Early mornings for a child have for decades centered around a few things: the smell of coffee, sugary cereal, and the funnies clipped from the newspapers. Central to the American canon is the comic strip, a medium of streamlined caricatures that have entertained the masses for several years while also acting as the backbone for early cartoon sensibilities. Comic strip icons such as Garfield or Snoopy have adorned theaters, merchandising, and bookshelves as a result of their massive success.
However, if there's one mark of a true success for the comic strip, it is the transition to the small screen. Once animation had become mastered and much more of a norm within television, several famous comic strips became adapted to full on animated series. Some have seen added success to their strips. Others have animated series so popular one would be surprised that it was even a comic strip. This list will be running down a few of the best animated series to have also shared the funny pages.
Before there was Garfield, the beloved orange cat of every home was Heathcliff. He decorated newspapers long before Garfield did, and the same thing goes for animation, trailblazing the cartoon medium before Garfield would even get up in the morning (not that it's that hard to do).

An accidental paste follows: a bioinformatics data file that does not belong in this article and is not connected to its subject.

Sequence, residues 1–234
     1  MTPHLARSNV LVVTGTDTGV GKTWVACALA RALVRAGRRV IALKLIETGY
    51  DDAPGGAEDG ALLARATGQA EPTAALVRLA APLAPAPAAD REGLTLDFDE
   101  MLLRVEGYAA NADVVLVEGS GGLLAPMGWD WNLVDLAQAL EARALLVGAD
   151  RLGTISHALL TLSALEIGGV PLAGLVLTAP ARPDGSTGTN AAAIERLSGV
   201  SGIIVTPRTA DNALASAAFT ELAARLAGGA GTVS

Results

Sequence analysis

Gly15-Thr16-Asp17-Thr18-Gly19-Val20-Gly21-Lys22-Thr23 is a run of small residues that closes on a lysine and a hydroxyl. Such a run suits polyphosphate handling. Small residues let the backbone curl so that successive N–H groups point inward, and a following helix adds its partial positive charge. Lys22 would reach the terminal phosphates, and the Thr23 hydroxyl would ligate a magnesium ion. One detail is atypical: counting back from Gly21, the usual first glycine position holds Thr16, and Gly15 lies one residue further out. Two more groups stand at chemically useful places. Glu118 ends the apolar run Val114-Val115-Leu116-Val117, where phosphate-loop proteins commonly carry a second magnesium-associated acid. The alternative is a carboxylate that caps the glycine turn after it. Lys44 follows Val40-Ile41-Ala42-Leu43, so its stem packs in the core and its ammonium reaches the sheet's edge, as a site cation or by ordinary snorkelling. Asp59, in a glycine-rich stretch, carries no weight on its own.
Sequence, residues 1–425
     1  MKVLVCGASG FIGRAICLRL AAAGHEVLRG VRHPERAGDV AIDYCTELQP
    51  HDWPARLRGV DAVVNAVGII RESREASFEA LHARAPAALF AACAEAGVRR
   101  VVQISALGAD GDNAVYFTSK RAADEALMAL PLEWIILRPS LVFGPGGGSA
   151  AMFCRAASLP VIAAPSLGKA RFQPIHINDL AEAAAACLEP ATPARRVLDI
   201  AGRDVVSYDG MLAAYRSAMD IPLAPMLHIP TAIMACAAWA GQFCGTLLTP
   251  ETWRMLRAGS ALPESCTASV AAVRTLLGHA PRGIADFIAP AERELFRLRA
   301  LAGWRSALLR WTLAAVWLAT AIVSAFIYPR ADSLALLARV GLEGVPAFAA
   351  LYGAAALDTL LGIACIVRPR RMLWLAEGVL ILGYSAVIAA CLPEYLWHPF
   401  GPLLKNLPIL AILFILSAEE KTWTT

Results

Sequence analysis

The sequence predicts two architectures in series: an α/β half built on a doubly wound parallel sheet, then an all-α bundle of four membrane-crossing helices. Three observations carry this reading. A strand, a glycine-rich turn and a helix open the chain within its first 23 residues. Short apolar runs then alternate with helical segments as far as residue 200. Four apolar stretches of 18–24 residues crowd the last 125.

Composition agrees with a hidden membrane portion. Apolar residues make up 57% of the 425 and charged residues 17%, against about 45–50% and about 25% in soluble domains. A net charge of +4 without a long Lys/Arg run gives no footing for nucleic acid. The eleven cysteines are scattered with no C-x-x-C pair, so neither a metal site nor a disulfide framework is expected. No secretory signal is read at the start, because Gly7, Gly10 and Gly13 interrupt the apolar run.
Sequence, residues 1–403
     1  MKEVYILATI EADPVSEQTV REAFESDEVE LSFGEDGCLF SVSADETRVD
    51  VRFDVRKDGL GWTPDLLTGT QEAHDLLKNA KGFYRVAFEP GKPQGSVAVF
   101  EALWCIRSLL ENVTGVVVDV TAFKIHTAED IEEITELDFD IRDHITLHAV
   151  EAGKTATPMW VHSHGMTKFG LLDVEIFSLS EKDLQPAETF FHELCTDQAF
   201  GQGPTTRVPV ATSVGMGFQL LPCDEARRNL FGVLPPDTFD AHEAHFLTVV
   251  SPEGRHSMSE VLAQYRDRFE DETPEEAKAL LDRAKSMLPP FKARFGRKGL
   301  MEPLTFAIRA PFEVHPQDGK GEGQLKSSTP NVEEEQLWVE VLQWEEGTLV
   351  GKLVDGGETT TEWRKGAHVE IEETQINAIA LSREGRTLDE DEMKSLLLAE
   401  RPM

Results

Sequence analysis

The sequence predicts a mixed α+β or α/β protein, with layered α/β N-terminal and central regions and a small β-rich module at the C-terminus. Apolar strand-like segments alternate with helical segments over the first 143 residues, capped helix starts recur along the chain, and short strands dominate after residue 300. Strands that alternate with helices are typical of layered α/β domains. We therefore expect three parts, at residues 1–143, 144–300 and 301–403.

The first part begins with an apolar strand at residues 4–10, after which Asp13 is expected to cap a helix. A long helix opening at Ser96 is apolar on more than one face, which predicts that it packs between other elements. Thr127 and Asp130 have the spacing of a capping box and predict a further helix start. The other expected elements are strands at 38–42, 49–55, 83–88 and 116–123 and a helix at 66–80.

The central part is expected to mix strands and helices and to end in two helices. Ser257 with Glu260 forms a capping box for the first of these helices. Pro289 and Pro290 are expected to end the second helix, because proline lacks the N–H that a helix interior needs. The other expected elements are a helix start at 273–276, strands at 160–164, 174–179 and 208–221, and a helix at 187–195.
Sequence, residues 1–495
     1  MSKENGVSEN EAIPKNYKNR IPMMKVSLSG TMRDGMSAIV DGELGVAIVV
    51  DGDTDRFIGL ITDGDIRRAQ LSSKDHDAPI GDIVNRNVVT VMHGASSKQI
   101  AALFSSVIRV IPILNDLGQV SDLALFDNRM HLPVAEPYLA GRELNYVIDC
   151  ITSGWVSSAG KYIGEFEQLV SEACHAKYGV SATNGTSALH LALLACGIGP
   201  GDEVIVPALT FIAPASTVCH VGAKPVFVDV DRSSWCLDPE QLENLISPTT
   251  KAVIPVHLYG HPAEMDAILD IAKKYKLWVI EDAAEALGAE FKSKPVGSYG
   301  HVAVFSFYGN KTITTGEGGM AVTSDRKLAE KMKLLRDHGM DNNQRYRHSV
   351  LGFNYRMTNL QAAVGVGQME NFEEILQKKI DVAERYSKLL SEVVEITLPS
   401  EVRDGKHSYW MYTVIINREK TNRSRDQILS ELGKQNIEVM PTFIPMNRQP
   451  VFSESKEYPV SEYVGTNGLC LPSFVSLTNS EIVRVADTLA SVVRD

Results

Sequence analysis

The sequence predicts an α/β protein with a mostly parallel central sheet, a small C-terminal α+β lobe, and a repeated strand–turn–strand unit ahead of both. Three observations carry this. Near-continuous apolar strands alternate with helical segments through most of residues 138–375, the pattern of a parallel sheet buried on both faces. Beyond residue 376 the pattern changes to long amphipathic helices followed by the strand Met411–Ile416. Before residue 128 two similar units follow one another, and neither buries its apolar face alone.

While not quite as beloved the destroyer of lasagnas, Heathcliff was still host to a variety of Saturday morning delights, including 1980s Heathcliff and Dingbat and Heathcliff and Marmaduke, as well as 1984's Heathcliff and the Catillac Cats, showcasing the comic strip icon in animated form as well as making a couple of changes, such as gifting him the ability of speech.
9 Flash Gordon
Flash Gordon is more than a cult 80's movie and a really good Queen song. During the 1930s, he was a favored entry in the growing world of sci-fi comic strips, acting as colleague and neighbor to the Buck Rogers comic strip. Decades later, like the slew of other fantasy and sci-fi media that would grace televisions during the 1970s, Flash Gordon would join the animated ranks in The New Adventures of Flash Gordon.
During the 1980s, he would return to the small screen alongside other action/adventure, comic strip characters in Defenders of the Earth. Lastly, Flash greeted the animated screen during the 1990s in his final run in Flash Gordon. The man of the future really decorated decades of television in the past.
8 Dennis the Menace
Ol' Mr. Wilson's archnemesis has been a menace to society through a variety of media, starting the tirade in syndicated newspapers in both the U.S. and U.K. and taking things to live action television and even film.